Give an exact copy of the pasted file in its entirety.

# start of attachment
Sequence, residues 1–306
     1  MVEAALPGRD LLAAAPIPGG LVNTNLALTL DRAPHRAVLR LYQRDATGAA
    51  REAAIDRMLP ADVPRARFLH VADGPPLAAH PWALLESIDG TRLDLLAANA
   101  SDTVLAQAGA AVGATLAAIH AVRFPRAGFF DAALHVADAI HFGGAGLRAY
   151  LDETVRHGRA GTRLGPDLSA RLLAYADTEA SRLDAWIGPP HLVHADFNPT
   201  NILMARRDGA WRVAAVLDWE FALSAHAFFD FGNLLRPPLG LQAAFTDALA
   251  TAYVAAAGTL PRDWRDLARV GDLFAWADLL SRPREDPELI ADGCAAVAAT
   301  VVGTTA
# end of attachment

Sequence, residues 1–306
     1  MVEAALPGRD LLAAAPIPGG LVNTNLALTL DRAPHRAVLR LYQRDATGAA
    51  REAAIDRMLP ADVPRARFLH VADGPPLAAH PWALLESIDG TRLDLLAANA
   101  SDTVLAQAGA AVGATLAAIH AVRFPRAGFF DAALHVADAI HFGGAGLRAY
   151  LDETVRHGRA GTRLGPDLSA RLLAYADTEA SRLDAWIGPP HLVHADFNPT
   201  NILMARRDGA WRVAAVLDWE FALSAHAFFD FGNLLRPPLG LQAAFTDALA
   251  TAYVAAAGTL PRDWRDLARV GDLFAWADLL SRPREDPELI ADGCAAVAAT
   301  VVGTTA